Stratasys announces it’s got Mojo: First professional 3D printer under $10,000!

Last week we pointed out the intriguing countdown timer on the Stratasys website. They said, “Something’s Coming. The magic begins on May 8. Check back to see what’s new in the world of 3D printing.” Yesterday, we made a guess that it’s a new line of multi-color 3D printers. We were wrong. Today, the countdown went to zero, and the mystery was cleared up. I can’t say it’s “magic,” but it is amazing to see a professional grade 3D printer under $10,000 USD. This is clearly a huge step towards putting a professional grade 3D printer on the desk of every engineer.

In order to get this announcement out quickly, we’re just printing the press release below. But I wanted to share a paragraph from what I think is a great write up you can read, from an engineer’s perspective, by Leslie Langnau over at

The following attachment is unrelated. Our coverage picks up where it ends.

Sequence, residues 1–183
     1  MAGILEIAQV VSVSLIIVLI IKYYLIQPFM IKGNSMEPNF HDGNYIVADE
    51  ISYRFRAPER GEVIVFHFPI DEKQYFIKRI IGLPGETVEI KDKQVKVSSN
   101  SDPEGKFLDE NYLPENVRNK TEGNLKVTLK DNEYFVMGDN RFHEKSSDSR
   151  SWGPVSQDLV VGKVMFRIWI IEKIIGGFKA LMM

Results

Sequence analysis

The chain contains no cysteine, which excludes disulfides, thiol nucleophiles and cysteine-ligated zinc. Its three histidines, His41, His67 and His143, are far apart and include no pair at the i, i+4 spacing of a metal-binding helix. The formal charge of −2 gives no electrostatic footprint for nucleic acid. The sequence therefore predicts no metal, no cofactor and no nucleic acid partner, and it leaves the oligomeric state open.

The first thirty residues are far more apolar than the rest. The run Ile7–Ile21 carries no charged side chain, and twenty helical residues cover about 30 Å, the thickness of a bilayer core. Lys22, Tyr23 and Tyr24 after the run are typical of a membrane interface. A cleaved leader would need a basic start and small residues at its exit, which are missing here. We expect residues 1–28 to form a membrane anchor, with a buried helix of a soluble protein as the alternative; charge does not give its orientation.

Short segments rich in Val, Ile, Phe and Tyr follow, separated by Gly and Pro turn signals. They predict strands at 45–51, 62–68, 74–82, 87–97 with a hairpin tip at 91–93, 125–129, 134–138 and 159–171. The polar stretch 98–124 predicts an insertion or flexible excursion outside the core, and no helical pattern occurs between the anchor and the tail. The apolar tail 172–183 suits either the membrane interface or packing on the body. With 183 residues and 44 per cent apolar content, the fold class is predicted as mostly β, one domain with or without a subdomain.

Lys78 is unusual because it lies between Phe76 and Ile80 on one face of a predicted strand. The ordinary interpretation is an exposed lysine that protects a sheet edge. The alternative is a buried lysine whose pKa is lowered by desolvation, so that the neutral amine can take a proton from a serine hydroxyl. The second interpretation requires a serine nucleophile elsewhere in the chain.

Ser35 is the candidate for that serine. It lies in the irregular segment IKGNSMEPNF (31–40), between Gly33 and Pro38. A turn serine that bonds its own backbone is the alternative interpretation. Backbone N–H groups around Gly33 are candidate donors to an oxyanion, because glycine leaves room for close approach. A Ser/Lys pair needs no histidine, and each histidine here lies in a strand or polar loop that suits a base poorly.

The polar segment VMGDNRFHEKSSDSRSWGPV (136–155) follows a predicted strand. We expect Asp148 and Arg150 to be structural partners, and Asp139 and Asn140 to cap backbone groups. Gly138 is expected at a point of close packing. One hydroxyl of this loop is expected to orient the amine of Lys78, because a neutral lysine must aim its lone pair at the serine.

From my engineering perspective, this is a sweet system. The package contains everything needed to produce models, including material (about 80 cubic inches of ABSplus in ivory and support material of SR-30 soluble) and a support-removal system. It is a genuine, patented Fused Deposition Modeling (FDM®) system, but it uses an innovative variation on traditional FDM material extrusion. The ABS material spool and the print head are integrated into a single package, called the QuickPack print engine. (QuickPack is recyclable.) Thus, every time you install new material, you are also installing a fresh print head, which significantly lowers maintenance needs. Loading this spool and print head package is easy, just like snapping in an inkjet cartridge on a paper printer. The ABSplus material lets you use this printer to develop form, fit, and function prototypes and end-use parts.